“The VSA is primarily a lifestyle association. It’s not about partying and boozing, but more about general interests in life. We hold parties, of course, but not like Olof or Plato. We have already had several online events. A pub quiz about the earth and sustainability, an online Seaspiracy viewing, a raffle with prizes from local vegan-friendly businesses.

“And also a workshop on how to argue veganism. How do you tell your family? Because that can be quite difficult. When I go to visit my grandmother, for example, I make sure I bring some goodies myself. It can be hard for others to know what we eat or do not eat.”


“Our association is very international; there are quite a few international members. You can see that veganism is very different among the various nationalities. In some countries, it is even less common, so those students have more questions. A lot of members study psychology, just like me, which is remarkable.

“One of our goals is education. We would like to cooperate with sports clubs. We could, for example, educate them about plant proteins. For example, a few weeks ago we had a cook-along. Someone from our association and someone from the running club Parcival showed us how they make a meal. In the meantime, we are also in discussion with other bodies. Also with the TOP week. Furthermore, we are working on posters and merchandise.”


“We have a committee that contacts external parties, for example restaurants. We have already agreed with ten restaurants to give discounts to our members. We also contact stores that sell vegan products. Ideally, we want to enter into as many collaborations as possible. That is a win-win. We can also introduce our members to the vegan-friendly stores in Tilburg.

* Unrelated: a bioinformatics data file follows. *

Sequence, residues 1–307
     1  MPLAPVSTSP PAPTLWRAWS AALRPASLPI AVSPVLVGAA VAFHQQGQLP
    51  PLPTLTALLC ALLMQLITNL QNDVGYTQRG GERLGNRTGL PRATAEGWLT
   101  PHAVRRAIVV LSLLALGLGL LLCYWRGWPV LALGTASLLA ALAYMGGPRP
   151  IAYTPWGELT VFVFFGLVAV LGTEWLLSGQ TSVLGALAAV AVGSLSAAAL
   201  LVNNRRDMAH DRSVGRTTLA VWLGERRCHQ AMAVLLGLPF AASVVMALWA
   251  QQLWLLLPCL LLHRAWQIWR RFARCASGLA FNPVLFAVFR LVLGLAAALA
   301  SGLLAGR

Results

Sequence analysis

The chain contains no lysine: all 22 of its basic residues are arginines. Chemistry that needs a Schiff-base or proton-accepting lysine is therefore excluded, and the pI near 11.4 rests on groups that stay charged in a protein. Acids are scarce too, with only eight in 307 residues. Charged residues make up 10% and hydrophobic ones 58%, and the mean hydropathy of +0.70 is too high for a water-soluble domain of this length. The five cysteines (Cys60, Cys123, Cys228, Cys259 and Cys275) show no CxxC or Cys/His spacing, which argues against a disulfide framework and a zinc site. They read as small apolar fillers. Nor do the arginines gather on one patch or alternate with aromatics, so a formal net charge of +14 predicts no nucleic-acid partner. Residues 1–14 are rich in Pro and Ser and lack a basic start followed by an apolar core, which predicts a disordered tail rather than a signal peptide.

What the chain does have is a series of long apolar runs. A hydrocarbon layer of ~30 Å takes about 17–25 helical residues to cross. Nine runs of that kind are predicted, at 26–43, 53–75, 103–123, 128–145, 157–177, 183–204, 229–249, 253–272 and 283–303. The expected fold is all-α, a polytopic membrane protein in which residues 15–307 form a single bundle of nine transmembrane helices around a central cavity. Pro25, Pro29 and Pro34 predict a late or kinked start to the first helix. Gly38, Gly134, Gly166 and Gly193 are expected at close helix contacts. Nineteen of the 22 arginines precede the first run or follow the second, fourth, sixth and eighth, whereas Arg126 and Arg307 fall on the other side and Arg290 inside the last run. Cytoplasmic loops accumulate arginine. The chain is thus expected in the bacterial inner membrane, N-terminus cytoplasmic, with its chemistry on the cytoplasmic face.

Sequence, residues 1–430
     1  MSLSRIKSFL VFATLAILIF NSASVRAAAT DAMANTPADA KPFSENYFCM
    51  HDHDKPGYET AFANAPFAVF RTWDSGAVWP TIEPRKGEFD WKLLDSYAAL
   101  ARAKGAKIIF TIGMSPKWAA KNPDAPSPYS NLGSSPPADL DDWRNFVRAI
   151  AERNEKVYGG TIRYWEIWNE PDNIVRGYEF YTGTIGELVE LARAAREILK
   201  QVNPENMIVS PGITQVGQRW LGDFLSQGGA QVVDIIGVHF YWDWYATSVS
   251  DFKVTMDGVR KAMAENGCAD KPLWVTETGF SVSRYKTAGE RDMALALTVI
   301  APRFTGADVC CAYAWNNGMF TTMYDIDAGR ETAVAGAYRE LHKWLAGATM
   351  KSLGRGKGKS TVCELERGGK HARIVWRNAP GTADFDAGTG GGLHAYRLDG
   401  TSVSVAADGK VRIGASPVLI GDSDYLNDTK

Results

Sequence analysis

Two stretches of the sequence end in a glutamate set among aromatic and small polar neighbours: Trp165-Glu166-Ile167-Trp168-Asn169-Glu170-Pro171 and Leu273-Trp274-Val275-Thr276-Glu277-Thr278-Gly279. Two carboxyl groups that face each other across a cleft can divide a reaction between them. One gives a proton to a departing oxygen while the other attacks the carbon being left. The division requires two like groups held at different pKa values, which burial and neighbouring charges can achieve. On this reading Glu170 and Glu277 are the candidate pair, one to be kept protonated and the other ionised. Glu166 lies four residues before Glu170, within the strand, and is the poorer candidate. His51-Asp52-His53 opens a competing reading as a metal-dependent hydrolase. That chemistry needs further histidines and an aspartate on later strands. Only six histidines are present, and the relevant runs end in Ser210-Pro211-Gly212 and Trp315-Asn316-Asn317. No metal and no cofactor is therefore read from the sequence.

Picking up litter on campus with members of the association. Image: Jack Tummers

“It was surprising to see that so many companies and restaurants were very willing to cooperate with us and offer discounts, for example. Beforehand I thought it would take a lot of effort, but it wasn’t that bad. That is really great. I now also know how many funds there are that have money available for this kind of initiative.”

Ask for help

“I’ve found that you shouldn’t be afraid to ask for help. In the beginning, I wanted to do everything myself, I’m quite a perfectionist. But people are also very willing to help you and it is important to involve them in your project. If you want to set up an association, it is important to be very aware of your own priorities. Everything seems fun and interesting, but you should realize that you have to be able to maintain your motivation and enthusiasm for a long time.

“My whole adult life I’ve actually done everything very project based. If something comes my way, I’ll start working on it. The next project for me would be to get on the city council for the Party for the Animals.”

After the lockdown

“The first thing I want to do when the restrictions are lifted is to have a giant potluck dinner with a group of people. Everyone then brings something to eat. In the Spoorpark, or something. Most VSA units started out that way, too. When I saw the parks so full in recent months, it did get itchy, but we’re sticking to the rules.”